DUBLIN, Ireland - Five people have died of the coronavirus in Ireland, taking the total number of deaths to 1,768.
The spike in deaths comes at a time when health officials in Ireland are warning of a significant increase in the incidence of the virus over the past week, and of particular concern are outbreaks in three counties, those of Kildare, Laois and Offaly.
The total number of cases has risen by sixty-nine to 26,372. Of the new cases, 65% are of people under 45 years of age.
Twenty-two cases are located in Offaly, 19 in Kildare, eight in Laois, 6 in Dublin, and fourteen are spread across eight other counties (Clare, Cork, Donegal, Galway, Limerick, Louth, Meath and Wexford).
"Over the past fourteen days, 226 cases have arisen in Kildare, Laois and Offaly. These represent almost half of all cases in Ireland over that time period," Dr Ronan Glynn, Acting Chief Medical Officer, Department of Health, said Thursday night.
"While the majority of these cases can be accounted for by outbreaks, this volume of cases is significant and our main priority now is to ensure that these outbreaks do not lead to widespread community transmission in the region."
"NPHET continues to monitor the situation closely. I urge people in these counties to remain vigilant to stop the further spread of COVID-19 in these areas," Dr Glynn said.
Professor Philip Nolan, Chair of the NPHET Irish Epidemiological Modelling Advisory Group, said: "We have seen a significant increase in the incidence of COVID-19 over the past week. The reproduction number for the virus is now estimated to be 1.8. A reproduction number of almost 2 is a serious concern, and although we have not yet seen a significant increase in community transmission, there is a significant risk this could develop over the coming days and weeks emphasising the need for each of us to be extremely cautious that we do not contribute to the transmission of the virus."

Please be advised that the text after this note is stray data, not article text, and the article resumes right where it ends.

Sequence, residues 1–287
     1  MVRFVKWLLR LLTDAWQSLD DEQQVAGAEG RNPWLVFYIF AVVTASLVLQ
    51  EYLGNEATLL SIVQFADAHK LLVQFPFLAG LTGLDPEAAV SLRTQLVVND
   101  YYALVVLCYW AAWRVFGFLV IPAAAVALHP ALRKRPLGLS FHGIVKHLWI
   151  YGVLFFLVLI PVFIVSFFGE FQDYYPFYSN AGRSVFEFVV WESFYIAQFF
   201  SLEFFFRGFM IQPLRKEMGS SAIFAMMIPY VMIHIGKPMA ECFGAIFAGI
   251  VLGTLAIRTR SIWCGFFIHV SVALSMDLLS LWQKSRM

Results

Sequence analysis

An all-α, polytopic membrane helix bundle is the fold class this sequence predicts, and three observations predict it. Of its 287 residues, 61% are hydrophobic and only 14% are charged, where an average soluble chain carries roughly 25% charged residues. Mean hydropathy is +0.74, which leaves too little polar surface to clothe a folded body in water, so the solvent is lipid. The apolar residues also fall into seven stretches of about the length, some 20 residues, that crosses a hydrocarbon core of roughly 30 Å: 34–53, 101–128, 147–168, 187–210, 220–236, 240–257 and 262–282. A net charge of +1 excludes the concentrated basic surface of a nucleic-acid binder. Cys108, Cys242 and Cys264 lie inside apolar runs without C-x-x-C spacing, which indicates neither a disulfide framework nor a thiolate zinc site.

Dr Colm Henry, Chief Clinical Officer, HSE said: "Public Health teams have been informed of the locations of these outbreaks as is routine and contact tracing and testing is taking place as appropriate. Our focus now is on controlling these outbreaks and taking action as necessary."
"We also need people to continue to follow our public health advice and avoid crowds, especially indoors, and limit the number of people you meet. The Department of Health and HSE launched the next phase of our communications campaign today encouraging people to keep up the protective behaviours of physical distancing, washing our hands regularly, wearing a face covering where appropriate and downloading the COVID-19 Tracker app."
Everyone should be aware of the risk factors for getting COVID-19:
- Distance the risk of getting COVID-19 increases as the distance between you and others gets smaller. Keep 2 metres apart where possible
- Activity How you spend time with people and what you do with them can increase your risk. Follow the government's Stay Safe Guidelines when spending time with others
- Time The more time you spend in close contact with other people can increase your risk of getting COVID-19. Keep track of who you spend time with and how
- Environment Being outdoors is safer than being indoors. Where possible, meet with others outdoors. If this is not possible, keep windows and doors open when meeting others inside
- Symptoms Know the symptoms. If you have them self-isolate and contact your GP immediately